I don’t remember the name of the village, though my photographs keep the memory colorfully clear. It was a place of deep-gray dust, […]
Published on: 07-31-2018
I don’t remember the name of the village, though my photographs keep the memory colorfully clear. It was a place of deep-gray dust, ragged clothes, spindly cashew trees, and thorn bushes interspersed with occasional clumps of grass.
Two young boys tried to sell me a race car they had crafted from discarded wire, red rubber bands, and Coke cans. I didn’t have room to carry it home, but bargained with them anyway. They desperately needed whatever money I could give them. We settled on a price, and after I borrowed the local currency from Garry, I gave them double, the equivalent of US$2.
When I showed the car to Garry he laughed and asked how I was going to get it home.
“Not sure,” I answered.
“No problem,” he said. “I’ll toss it into one of my bags and bring it home on my next trip.”
It was just like Garry. He didn’t need to do it, but offered to be my “mover,” because he wanted to help me out of a tough situation.
* * *
The day had begun with four hours of dusty bouncing and sweating through the bush of Mozambique. Garry wanted us there when he drilled this well.
“This is one of the poorest places I’ve ever visited,” he said. “There’s a well down the path about a mile or so, but the fellow who owns it charges so much for the water that most of the village goes to bed thirsty every night. I’ve found a spot near the church where there should be water, maybe even less than 100 feet down. Can hardly wait to drill.”
The drill was already there, pulled in last night and set up by Garry’s crew of ADRA workers.
When I say “the drill,” you might think of something simple hanging off the back of a pickup. Not Garry’s drill! This was a rig Garry had designed after several weeks of bouncing along Mozambique’s back country highway trails. The drill was really three vehicles: A drilling rig built into a monster truck, a water tank and power generator carried by a similar truck, and an accompanying 4×4 pickup. It took all three, and four men, to drill a well.
“I think,” Garry told me, “that every time there’s a new church out here in the thorn bush, we ought to drill them a well. You know, the water of life and the Water of Life, both coming together in the village. We could maybe even place the well right beside the church. Imagine, villagers coming to the well for free water and listening as church members sing about Jesus, the true Water of Life! That’s evangelism at its best.”
Garry had located the only possible spot for drilling the well. The new water source would be about 20 paces from the homemade church the members had put together with kinesu straw and palm branches.
* * *
A crowd was waiting. Mostly children and women, since the men were off working in the fields, or away in the mines of South Africa. Their greeting was a song. Make that: “Their greeting was many songs, sung loudly, their voices rising, leveling, rising higher, and dipping deep like kingfishers on the distant riverbank.”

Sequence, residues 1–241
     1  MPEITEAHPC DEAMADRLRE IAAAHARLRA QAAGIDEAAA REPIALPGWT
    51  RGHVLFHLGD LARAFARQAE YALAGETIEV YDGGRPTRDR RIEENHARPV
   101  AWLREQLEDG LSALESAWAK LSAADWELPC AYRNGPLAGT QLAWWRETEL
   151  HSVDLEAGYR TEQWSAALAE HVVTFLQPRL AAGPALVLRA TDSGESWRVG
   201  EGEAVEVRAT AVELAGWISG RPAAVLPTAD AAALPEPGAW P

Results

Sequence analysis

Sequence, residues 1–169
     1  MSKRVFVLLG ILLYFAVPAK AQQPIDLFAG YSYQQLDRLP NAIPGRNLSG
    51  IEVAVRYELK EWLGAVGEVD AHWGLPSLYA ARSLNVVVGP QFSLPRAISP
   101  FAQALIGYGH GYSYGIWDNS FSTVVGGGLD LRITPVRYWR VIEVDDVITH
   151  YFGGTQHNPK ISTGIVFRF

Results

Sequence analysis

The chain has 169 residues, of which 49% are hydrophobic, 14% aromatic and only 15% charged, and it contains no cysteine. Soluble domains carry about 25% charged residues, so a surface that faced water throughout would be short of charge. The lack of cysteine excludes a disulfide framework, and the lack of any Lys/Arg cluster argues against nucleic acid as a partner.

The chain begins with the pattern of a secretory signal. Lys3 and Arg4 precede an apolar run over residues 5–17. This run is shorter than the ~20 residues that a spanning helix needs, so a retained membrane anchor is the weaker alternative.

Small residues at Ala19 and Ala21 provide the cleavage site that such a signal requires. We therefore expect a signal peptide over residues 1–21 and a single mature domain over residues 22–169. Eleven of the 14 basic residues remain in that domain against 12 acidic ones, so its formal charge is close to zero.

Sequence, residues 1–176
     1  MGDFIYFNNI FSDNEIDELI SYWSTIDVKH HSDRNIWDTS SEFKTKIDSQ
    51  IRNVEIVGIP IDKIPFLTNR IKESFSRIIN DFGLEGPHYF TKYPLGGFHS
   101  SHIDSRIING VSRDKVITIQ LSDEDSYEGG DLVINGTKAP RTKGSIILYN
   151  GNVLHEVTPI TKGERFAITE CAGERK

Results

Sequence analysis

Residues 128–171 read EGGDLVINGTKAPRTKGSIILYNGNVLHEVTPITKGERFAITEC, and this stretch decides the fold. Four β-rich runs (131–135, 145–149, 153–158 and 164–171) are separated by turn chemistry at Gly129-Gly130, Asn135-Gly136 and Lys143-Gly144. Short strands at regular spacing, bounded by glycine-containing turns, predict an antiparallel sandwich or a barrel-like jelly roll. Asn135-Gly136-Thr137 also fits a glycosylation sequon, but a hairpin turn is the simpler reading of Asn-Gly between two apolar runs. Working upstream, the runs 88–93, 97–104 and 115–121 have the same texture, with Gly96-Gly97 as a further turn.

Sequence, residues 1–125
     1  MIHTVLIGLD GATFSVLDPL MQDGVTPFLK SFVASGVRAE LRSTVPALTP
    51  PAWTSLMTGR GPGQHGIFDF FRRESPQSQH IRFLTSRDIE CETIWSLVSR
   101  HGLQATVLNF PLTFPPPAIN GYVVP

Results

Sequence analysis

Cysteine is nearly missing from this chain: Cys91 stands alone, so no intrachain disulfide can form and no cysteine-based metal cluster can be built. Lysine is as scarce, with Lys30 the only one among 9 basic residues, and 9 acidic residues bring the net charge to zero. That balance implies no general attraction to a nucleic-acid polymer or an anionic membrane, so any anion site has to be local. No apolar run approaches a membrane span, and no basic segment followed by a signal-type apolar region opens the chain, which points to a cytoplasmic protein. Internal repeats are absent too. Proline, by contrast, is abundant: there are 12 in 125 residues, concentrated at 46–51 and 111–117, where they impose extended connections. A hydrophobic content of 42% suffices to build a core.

Garry laughed through his ever-ready smile, and motioned for everyone to sit down on the church pews. The pews, by the way, were long branches set into slingshot “Y’s” that had been driven into the dirt.
“Most uncomfortable pews I’ve ever sat upon,” Garry said with a smile.
Garry explained to everyone about the well. Why we were drilling it. How deep the crew would drill it. What the pump would be like and how it could be repaired with a simple rubber washer made from an old tire tube. Why the water there must always be given free, at “no cost” to the villagers.
Then Garry led us all out to the trucks and many of the members prayed for the well. Long prayers, well prayed.
The drilling took most of the day. Far longer than Garry had expected. There was only sand down through 50 feet. Then a bit of stone, then more sand.
“Should be water soon,” Garry smiled.
Most of the women left to care for life around their huts. The children drifted in and out, coming back only when the drill crew added a length of pipe, or when the rig backfired.
At 120 feet the well was still dry. Same at 180. That was as far as the drillers could go.
* * *
Right there by the monster drilling rig he had personally designed and built. By the same rig that had already drilled more than 800 water-gushing wells into the dust of Mozambique.
Garry cried. Big tears falling down his face to join the thick sweat that stained his shirt.
When the rig motor died, the women returned, bright plastic water jugs bouncing expectantly on their heads. Like giant red, yellow, and blue M&Ms dancing in the African heat.
Garry explained about the sand, the 180 feet, “maximo,” and told them all he was very, very, very sorry.
Then the head elder motioned for us to join the members in the church. We came together, sitting on the incredibly uncomfortable pews, listening as Garry explained it all again and again, until all that remained was a sad silence.
Then an older woman began to sing. Others joined, and soon the sweat-stained congregation’s singing chased away the dusty sadness. “Jesus, after all, is still King and Saviour,” the elder proclaimed. “He will provide water for our jugs in another way.”
Dick Duerksen, a pastor and storyteller living in Portland, Oregon, United States, is known around the world as “an itinerant pollinator of grace.”